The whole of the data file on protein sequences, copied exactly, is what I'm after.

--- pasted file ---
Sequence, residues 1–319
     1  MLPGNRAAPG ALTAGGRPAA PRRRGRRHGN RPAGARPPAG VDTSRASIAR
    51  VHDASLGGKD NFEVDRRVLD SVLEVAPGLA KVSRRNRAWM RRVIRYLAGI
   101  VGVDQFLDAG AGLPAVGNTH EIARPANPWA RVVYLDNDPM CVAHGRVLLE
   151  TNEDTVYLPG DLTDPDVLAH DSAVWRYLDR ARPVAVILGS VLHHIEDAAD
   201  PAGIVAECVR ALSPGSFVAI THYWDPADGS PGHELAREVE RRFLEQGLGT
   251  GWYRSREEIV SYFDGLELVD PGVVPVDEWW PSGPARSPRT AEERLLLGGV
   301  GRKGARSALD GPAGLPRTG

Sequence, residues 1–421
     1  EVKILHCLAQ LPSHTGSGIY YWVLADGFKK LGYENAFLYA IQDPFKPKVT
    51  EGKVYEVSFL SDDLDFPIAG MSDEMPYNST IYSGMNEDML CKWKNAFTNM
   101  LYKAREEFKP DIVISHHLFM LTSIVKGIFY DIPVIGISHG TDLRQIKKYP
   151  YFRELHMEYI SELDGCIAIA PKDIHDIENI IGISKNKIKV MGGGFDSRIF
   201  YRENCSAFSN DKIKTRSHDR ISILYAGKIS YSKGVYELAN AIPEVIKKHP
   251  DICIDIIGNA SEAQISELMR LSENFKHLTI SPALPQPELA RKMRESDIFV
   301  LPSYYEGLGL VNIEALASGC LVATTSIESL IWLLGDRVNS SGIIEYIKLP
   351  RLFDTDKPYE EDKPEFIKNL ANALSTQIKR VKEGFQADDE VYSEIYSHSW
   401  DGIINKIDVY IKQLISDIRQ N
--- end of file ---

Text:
Sequence, residues 1–319
     1  MLPGNRAAPG ALTAGGRPAA PRRRGRRHGN RPAGARPPAG VDTSRASIAR
    51  VHDASLGGKD NFEVDRRVLD SVLEVAPGLA KVSRRNRAWM RRVIRYLAGI
   101  VGVDQFLDAG AGLPAVGNTH EIARPANPWA RVVYLDNDPM CVAHGRVLLE
   151  TNEDTVYLPG DLTDPDVLAH DSAVWRYLDR ARPVAVILGS VLHHIEDAAD
   201  PAGIVAECVR ALSPGSFVAI THYWDPADGS PGHELAREVE RRFLEQGLGT
   251  GWYRSREEIV SYFDGLELVD PGVVPVDEWW PSGPARSPRT AEERLLLGGV
   301  GRKGARSALD GPAGLPRTG

Sequence, residues 1–421
     1  EVKILHCLAQ LPSHTGSGIY YWVLADGFKK LGYENAFLYA IQDPFKPKVT
    51  EGKVYEVSFL SDDLDFPIAG MSDEMPYNST IYSGMNEDML CKWKNAFTNM
   101  LYKAREEFKP DIVISHHLFM LTSIVKGIFY DIPVIGISHG TDLRQIKKYP
   151  YFRELHMEYI SELDGCIAIA PKDIHDIENI IGISKNKIKV MGGGFDSRIF
   201  YRENCSAFSN DKIKTRSHDR ISILYAGKIS YSKGVYELAN AIPEVIKKHP
   251  DICIDIIGNA SEAQISELMR LSENFKHLTI SPALPQPELA RKMRESDIFV
   301  LPSYYEGLGL VNIEALASGC LVATTSIESL IWLLGDRVNS SGIIEYIKLP
   351  RLFDTDKPYE EDKPEFIKNL ANALSTQIKR VKEGFQADDE VYSEIYSHSW
   401  DGIINKIDVY IKQLISDIRQ N